Bad loss in NFC title game, but Packers can still laugh at Bears

SHARE Bad loss in NFC title game, but Packers can still laugh at Bears

Packers quarterback Aaron Rodgers sits on the bench during the second half of the NFC Championship Game against the Falcons. (AP Photo/David J. Phillip)

I’m guessing your standard-issue Bears fan saw Atlanta’s dismantling of Green Bay in the NFC Championship Game as proof of intelligent design. The hated Packers falling 44-21? Does it get any better than that?

Well, yeah, it actually does, though it would involve the Bears somehow turning into a reputable franchise, and the jury seems to have spoken on that issue over and over again.

Maybe you got your jollies watching the carnage Sunday, but any time I watch the Packers, no matter how bad they might look, I think about the Bears’ failings.

I see Aaron Rodgers, and I think about the Bears’ congenital problems at quarterback.

I see Jordy Nelson playing with two broken ribs, and I think about Alshon Jeffery’s inability to stay on the field for extended periods of time.

I see the Packers’ roster decimated by injuries, and I think about the Bears’ season-long boo-hooing about their own injuries.

I saw one team in the NFC title game, and all I could think about was how far another team was from that stage.

And just for good measure, for more delicious pain, let’s bemoan how far the Bears are behind the team that manhandled the Packers on Sunday. The Bears have never had the Falcons’ firepower. Never. Quarterback Matt Ryan and wide receivers Julio Jones and Mohamed Sanu. Running backs Devonta Freeman and Oak Forest’s Tevin Coleman. Did I mention Matt Ryan?

Coveting another team’s roster is no way for anyone to watch sports. It’s like driving a car and wishing, at every stoplight, that you had the car next to you. Check that. It’s like always wishing you had the car in the next lane while jabbing a steak knife in your thigh. Or something like that.

Ryan was phenomenal during the regular season, leading the league with a 117.1 passer rating and 9.3 yards per pass attempt. He got a lot of help from offensive coordinator Kyle Shanahan, which might explain why Shanahan is the leading candidate to get the 49ers head coaching job. Bears offensive coordinator Dowell Loggains seems worlds away from a top job right now.

The NFL’s final four only reinforced what everybody, possibly including the Bears, seems to know: If you have designs on getting anywhere, you might want to get yourself a great quarterback. Ryan, Rodgers, Tom Brady and Ben Roethlisberger. Duh, right? But if having a standout QB is so elementary, if it’s so obvious, why do you have to go back to Sid Luckman, who played for the Bears from 1939 to 1950, to find a quarterback of that caliber in Chicago? You might as well go back to prehistoric times.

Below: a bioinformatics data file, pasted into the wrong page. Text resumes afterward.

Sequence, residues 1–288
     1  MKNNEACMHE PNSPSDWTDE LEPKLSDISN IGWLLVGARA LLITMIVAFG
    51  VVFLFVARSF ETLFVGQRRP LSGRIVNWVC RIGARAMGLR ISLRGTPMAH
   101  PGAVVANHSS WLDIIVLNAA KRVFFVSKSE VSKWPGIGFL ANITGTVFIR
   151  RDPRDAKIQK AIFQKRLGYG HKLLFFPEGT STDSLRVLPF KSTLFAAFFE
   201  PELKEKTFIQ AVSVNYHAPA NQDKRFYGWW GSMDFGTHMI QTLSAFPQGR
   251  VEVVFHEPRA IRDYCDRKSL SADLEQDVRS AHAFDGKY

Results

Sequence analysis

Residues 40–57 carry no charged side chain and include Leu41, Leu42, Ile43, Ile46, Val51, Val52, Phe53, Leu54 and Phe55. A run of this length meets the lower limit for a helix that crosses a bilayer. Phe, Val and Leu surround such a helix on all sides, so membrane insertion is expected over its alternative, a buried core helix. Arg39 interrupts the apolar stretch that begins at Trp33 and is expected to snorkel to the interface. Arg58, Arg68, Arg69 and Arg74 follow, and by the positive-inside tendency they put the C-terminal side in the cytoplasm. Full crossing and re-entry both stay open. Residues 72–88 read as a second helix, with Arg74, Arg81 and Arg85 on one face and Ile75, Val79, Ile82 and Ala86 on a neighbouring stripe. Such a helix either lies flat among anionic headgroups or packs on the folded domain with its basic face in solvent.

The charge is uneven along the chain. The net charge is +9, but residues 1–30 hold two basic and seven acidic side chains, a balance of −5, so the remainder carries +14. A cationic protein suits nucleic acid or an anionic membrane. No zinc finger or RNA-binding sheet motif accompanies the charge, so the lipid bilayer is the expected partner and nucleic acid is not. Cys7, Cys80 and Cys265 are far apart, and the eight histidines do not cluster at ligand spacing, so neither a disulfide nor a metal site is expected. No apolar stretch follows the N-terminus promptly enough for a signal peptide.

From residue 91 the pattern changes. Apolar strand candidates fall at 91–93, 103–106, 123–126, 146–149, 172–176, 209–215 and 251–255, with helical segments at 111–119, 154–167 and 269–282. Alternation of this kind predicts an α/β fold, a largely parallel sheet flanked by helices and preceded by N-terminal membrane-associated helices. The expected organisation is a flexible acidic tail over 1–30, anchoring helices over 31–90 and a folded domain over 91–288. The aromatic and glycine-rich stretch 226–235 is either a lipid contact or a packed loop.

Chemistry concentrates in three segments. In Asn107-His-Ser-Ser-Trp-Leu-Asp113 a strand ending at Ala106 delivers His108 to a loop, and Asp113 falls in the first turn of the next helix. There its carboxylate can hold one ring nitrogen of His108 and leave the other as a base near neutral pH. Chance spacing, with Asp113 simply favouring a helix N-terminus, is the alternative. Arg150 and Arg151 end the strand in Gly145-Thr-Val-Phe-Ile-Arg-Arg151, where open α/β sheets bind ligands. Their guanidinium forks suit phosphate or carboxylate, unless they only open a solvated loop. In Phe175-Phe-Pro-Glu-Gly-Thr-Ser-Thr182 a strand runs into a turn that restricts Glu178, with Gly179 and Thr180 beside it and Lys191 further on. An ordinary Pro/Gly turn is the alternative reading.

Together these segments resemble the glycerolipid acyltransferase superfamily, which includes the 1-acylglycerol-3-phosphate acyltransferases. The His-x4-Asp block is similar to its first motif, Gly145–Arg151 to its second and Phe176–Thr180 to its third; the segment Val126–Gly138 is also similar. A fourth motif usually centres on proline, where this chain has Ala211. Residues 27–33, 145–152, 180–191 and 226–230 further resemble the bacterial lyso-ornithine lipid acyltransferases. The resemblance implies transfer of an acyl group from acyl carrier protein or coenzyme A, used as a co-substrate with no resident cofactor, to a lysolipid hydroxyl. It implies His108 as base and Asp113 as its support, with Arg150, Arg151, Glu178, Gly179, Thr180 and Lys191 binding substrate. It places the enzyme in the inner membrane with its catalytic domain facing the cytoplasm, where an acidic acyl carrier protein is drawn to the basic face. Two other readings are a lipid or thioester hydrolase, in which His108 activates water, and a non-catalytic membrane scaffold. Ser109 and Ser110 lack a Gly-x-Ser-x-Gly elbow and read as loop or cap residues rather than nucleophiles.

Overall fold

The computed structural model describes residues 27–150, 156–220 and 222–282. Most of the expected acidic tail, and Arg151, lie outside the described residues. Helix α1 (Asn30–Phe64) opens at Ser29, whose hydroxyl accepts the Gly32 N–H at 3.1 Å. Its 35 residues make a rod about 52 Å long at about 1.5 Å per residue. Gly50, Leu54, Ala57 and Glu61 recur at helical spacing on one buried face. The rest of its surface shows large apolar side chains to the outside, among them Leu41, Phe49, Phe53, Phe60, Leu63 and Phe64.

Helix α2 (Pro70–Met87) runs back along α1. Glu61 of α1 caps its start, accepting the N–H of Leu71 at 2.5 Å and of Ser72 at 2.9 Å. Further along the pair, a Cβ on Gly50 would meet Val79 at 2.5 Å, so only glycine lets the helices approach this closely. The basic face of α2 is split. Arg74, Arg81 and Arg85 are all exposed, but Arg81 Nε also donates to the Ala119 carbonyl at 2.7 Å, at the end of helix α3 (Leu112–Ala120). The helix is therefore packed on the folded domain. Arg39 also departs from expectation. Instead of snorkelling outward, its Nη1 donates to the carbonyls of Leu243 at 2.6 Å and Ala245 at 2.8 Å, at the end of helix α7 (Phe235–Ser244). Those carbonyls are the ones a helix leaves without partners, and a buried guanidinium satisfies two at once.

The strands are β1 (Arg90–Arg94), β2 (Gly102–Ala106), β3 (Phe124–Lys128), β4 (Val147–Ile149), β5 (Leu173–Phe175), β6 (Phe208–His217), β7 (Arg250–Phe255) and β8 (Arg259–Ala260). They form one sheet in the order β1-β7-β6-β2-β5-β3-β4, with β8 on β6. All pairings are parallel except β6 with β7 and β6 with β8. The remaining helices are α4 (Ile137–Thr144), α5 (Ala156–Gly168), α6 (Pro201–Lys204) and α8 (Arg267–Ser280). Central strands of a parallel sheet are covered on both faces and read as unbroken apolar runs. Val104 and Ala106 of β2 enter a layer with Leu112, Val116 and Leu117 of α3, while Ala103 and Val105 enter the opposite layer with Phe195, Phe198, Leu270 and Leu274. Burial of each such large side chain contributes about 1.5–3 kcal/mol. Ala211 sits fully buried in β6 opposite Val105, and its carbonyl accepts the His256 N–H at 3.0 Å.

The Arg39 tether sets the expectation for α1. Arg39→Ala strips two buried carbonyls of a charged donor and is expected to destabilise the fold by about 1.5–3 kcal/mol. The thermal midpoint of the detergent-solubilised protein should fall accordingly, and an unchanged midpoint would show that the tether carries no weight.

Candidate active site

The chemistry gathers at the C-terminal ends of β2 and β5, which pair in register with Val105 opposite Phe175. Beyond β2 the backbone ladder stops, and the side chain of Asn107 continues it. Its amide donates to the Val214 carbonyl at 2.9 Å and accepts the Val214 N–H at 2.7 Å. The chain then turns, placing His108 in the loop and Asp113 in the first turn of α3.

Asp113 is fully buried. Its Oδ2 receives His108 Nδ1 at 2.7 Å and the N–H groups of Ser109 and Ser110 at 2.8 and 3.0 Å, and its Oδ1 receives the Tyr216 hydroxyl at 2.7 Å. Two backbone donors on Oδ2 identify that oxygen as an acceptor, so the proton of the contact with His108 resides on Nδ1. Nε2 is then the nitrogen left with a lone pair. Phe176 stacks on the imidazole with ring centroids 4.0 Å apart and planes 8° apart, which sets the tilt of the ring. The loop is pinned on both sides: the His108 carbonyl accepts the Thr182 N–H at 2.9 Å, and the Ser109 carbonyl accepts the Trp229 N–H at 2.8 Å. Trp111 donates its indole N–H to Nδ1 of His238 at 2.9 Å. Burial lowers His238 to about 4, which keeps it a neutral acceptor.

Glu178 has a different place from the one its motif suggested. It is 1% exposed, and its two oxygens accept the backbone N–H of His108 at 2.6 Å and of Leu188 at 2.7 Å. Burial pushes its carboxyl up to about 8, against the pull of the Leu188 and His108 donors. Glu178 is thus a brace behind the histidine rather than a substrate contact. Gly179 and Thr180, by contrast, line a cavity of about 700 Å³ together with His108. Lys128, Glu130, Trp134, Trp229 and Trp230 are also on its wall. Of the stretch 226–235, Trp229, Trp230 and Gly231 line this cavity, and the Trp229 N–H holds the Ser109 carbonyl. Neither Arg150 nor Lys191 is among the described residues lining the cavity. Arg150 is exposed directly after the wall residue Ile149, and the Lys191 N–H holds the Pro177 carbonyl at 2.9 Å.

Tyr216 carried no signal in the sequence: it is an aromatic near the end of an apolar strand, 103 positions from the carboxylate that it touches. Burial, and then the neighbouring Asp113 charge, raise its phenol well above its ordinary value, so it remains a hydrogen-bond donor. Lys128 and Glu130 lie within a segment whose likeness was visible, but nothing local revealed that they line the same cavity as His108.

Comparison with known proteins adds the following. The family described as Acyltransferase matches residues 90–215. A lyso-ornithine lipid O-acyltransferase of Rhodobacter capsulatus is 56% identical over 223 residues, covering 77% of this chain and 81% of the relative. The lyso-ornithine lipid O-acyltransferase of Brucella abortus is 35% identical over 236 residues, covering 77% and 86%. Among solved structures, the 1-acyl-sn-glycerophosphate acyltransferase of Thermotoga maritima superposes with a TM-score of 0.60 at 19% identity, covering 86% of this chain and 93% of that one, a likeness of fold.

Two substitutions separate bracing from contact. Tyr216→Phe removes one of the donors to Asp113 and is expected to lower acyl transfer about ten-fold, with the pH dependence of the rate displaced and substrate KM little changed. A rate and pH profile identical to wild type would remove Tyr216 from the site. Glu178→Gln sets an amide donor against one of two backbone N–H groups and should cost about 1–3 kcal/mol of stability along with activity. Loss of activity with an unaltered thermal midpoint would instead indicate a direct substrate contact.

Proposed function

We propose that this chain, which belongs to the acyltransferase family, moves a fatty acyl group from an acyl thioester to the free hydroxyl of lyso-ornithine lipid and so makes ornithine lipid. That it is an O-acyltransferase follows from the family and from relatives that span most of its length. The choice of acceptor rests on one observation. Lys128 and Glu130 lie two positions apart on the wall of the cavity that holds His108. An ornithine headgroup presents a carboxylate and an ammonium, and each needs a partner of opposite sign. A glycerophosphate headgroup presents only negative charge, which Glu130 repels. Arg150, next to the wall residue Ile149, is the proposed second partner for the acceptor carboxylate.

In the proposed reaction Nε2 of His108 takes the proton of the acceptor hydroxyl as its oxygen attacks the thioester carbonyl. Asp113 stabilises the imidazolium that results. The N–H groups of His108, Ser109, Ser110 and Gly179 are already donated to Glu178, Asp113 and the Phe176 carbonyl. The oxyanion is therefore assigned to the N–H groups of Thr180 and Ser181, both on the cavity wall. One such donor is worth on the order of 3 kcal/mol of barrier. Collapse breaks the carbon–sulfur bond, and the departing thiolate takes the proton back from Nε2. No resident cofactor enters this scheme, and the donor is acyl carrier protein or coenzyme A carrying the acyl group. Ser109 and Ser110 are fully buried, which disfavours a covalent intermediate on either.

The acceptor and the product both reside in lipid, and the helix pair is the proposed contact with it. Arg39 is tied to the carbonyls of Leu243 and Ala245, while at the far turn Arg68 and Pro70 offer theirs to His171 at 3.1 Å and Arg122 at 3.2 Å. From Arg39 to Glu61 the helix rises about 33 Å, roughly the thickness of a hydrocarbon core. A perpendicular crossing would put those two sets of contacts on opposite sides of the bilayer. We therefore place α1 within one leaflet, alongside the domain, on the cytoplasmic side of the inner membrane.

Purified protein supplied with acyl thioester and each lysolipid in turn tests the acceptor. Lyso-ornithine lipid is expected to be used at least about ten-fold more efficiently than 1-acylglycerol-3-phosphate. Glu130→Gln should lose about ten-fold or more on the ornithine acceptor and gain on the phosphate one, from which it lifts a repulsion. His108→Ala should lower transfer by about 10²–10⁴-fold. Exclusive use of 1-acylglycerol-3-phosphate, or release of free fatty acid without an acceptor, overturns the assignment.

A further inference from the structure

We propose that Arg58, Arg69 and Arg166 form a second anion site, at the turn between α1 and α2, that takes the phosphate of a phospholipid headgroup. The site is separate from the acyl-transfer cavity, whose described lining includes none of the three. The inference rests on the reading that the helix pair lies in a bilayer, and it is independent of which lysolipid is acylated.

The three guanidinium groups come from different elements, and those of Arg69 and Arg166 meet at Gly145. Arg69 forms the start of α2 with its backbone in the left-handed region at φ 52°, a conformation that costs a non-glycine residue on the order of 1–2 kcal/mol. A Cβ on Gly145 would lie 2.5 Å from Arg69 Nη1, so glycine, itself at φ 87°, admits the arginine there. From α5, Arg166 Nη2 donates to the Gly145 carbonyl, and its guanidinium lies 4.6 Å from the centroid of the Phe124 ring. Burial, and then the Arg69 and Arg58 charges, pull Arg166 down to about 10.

Rodgers makes everybody around him better. He turns average players into good players. The Bears count their injuries, and the Packers move on from them, or in the case of Nelson, play with them. Running backs get hurt, and the Packers respond by moving a wide receiver into the backfield. And the kid averages 5.9 yards a carry in the regular season. The Packers lost five players during Sunday’s game. If that happened during a Bears game, coach John Fox would have asked for a moment of silence. Not that he would have been making excuses.

Good things do happen to the Bears, too, though not consistently. Go ahead and laugh at the Falcons for being playoff chokers historically, but with Ryan as a starter, they have gone 85-57 in the past nine years and made the playoffs five times. In the past 10 years, the Bears have been to the playoffs once. There’s no point in talking about their dead horse of a quarterback.

The bigger point is that the Bears do need to take a chance on a quarterback, whether through the draft with the third pick overall or through a trade, perhaps for Brady’s backup in New England, 25-year-old Jimmy Garoppolo. For those of you who insist there are no worthy quarterbacks in the 2017 draft, keep this in mind: Ryan was a high first-round pick, Rodgers was a late first-round pick, Roethlisberger was somewhere in between and Garoppolo, now the twinkle in many teams’ eyes, was a late second-rounder. And we all know about Brady’s sixth-round, rags-to-riches story.

No quarterback is guaranteed success in the NFL based on his college career. Conversely, no one is a bust based solely on what he did in college or the combine.

That’s a long way of telling Bears fans that, rather than rooting hard against the archrival Packers, they might start praying harder for Bears general manager Ryan Pace.

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